DW: Your book, "Built on Sand: Saudi Arabia — a Problematic Ally" (in German) describes the country as a "black box" from which practically no information emerges. The little we do hear about the country does not sound very promising. Is the human rights situation, or that of women's rights, really so bad?
Sebastian Sons: You have to distinguish between political and societal openings in Saudi Arabia. We are definitely seeing an opening up of society that is primarily benefiting women. Their legal, economic and social situation has significantly improved in recent years, and not just now under the new king and crown prince. The historic high point was the decision to lift the driving ban for women.
But that doesn't actually play such a big role in Saudi Arabia. Much more important is how women can be better integrated into the labor market. Many of them are very well educated and want to take part in economic life. Many young women are also pushing for change in gender relations.All this means that lots of things are changing and many women are benefiting.
On the other hand, the political situation is no better than it was. The human rights situation remains catastrophic. The number of death sentences and political prisoners has risen sharply once again under the new king and his son. One must not fall into the trap of equating societal relaxations with political ones.
"Vision 2030" is the name of the young Crown Prince Mohammad bin Salman's major reform plan to wean his country of its oil dependency. What exactly does it entail?
The reform plan seeks to completely redesign Saudi Arabia's economic system by supporting other economic areas, such as tourism. Many people do not know that the second most important source of income is religious tourism, due to the millions of pilgrims who travel to Medina and Mecca every year. This will be expanded through cultural and leisure tourism.
The entertainment sector, which includes culture, will also be expanded. Cinemas and opera houses will be opened, concerts will take place. This is aimed at keeping Saudi money in the country and motivating foreign investors to send their personnel there.
Saudi Arabia's attractiveness is supposed to increase — as a trade hub and site for investment. For Saudi Arabia, these are historic changes that will turn its social contract on its head.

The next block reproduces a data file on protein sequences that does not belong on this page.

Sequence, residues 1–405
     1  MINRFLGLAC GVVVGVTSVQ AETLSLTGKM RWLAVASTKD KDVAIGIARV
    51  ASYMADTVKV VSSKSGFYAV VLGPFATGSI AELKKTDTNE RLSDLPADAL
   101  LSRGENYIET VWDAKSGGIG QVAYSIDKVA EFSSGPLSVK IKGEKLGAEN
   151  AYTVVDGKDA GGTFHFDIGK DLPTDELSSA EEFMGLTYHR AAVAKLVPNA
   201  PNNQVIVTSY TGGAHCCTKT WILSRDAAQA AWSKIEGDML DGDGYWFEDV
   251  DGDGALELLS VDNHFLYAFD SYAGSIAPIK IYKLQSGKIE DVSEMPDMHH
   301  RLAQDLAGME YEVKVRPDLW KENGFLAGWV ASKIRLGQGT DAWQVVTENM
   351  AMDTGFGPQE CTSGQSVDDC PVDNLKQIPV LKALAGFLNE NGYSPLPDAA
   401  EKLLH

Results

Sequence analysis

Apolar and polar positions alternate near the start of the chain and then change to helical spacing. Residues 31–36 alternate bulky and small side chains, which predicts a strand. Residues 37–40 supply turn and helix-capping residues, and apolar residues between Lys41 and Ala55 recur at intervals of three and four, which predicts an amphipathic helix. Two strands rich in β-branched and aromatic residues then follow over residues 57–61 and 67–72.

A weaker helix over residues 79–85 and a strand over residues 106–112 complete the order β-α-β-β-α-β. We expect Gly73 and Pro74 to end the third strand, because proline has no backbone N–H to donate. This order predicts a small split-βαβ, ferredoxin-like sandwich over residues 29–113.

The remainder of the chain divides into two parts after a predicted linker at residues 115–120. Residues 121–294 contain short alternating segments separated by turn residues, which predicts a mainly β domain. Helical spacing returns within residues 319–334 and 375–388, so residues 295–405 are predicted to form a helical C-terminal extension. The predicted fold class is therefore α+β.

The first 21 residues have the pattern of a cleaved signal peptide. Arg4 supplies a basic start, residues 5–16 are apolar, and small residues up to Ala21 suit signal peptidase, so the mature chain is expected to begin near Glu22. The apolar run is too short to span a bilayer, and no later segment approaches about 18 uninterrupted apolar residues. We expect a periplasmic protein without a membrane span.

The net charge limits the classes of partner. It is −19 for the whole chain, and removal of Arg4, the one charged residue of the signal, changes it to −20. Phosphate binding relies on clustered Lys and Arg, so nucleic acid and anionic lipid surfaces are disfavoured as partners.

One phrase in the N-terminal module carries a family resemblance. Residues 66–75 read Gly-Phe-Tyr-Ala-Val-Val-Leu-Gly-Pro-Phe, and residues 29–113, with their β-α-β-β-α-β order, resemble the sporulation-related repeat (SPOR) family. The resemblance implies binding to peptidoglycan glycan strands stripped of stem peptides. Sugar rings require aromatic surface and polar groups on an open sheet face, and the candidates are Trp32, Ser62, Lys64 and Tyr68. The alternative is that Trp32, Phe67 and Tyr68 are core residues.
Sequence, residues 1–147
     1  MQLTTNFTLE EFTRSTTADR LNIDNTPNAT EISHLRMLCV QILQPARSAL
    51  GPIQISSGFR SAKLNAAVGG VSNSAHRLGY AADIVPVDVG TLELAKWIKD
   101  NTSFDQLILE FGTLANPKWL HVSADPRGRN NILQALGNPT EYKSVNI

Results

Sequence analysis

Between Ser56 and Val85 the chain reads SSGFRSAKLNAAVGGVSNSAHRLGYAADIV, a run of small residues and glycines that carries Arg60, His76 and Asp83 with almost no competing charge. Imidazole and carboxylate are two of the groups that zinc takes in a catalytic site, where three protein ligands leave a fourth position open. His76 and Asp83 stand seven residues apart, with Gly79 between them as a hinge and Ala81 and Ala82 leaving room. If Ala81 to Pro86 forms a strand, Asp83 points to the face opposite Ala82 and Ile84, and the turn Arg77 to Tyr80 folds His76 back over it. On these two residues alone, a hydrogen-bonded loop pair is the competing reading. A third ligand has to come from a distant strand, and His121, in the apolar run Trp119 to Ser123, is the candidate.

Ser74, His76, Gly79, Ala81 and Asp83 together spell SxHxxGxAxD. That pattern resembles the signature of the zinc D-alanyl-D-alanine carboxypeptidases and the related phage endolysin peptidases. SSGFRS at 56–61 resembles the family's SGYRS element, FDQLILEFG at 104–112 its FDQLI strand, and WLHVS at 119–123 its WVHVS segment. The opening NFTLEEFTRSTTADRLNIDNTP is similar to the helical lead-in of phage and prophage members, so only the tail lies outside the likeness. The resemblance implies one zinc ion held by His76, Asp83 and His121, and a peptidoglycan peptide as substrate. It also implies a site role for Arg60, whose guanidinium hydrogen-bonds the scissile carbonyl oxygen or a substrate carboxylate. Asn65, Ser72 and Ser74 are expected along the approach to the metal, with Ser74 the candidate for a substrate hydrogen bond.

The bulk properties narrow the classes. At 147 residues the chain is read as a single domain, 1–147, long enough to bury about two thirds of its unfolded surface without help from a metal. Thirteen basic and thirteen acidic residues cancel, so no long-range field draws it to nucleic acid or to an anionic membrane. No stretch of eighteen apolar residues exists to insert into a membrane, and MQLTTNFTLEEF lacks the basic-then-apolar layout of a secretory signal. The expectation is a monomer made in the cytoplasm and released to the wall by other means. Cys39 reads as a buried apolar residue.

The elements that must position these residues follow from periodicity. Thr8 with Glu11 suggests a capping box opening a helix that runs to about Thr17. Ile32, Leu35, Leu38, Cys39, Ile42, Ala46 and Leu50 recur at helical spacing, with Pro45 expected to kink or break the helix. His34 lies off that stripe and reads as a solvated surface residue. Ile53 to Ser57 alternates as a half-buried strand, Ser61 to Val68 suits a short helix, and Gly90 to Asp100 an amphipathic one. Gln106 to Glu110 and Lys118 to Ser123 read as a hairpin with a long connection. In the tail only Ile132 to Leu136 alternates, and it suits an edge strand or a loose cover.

Crown Prince Mohammad bin Salman also wants society to adapt to new times. But is this cultural change something that can be ordered top-down?
Many things in Saudi Arabia are ordered top-down, but only when society seems likely to accept the changes. Saudi Arabia is a very young society: 70 percent of the population is under 30 years of age, and many of them have studied abroad and now want to lead a newer, freer, more open life. The young crown prince considers himself to be the mouthpiece of this young society. Up until now, these changes have been welcomed, almost to the point of euphoria.
The young generation, more than anyone else, have put all their hope on Crown Prince Mohammad bin Salman. They hope that he will not only break up this outdated, entrenched societal structure but will also give them possibilities for economic participation.
What about the clerics? Could they stall a transformation in the Islamic monarchy before it actually gets underway?
It really depends on the content. To date, we have heard less from the clerics than had been expected. This is because over the past decade, Saudi Arabia's body of religious leaders have actually appeared to be a sort of junior partner that assists the royal house rather than acts independently.
The economic perspective is also making inroads among the clerics. For instance, they realize that women should no longer be prohibited from working because the Saudi economy can't afford to have a chunk of its population shut out of the labor market.
But naturally there are still lines that the royal house won't cross. Its alliance with the Wahhabi clerics [ongoing since the start of the ultraconservative Sunni movement in the mid-18th century – Eds.] is too important to completely break off.
Germany has sold expensive weapons to Saudi Arabia, but in terms of cultural ties, there's only a single small German-language institute in Riyadh. Is it finally time for a full Goethe-Institut, Germany's official international cultural and language exchange organization?
Yes, it is definitely time. German cultural policy has long been interested in this, but it has been blocked repeatedly by the Saudi Arabian side. The fact that political foundations are still not allowed to operate in Saudi Arabia makes German cultural work very hard.
But I think that other initiatives can be started, even without traditional German cultural institutes. For example, there are initiatives that bring Saudi and Iranian civilians to the same table to talk to one another in these times of conflict between them. German NGOs are a part of this. This requires money and nerves of steel. But it's only when you have contacts in Saudi civil society, and not just in the royal house, that you can understand what's going on in the country. Saudi Arabia is simply too important to be ignored culturally.
Sebastian Sons is an associate fellow in the Middle East and North Africa program at the German Organization for Foreign Policy (DGAP) in Berlin. His areas of expertise include Saudi Arabia's social developments and foreign policy. His book, "Auf Sand Gebaut: Saudi Arabien — Ein problematischer Verbündeter" "(Built on Sand: Saudi Arabia — a Problematic Ally), was published in German in 2016.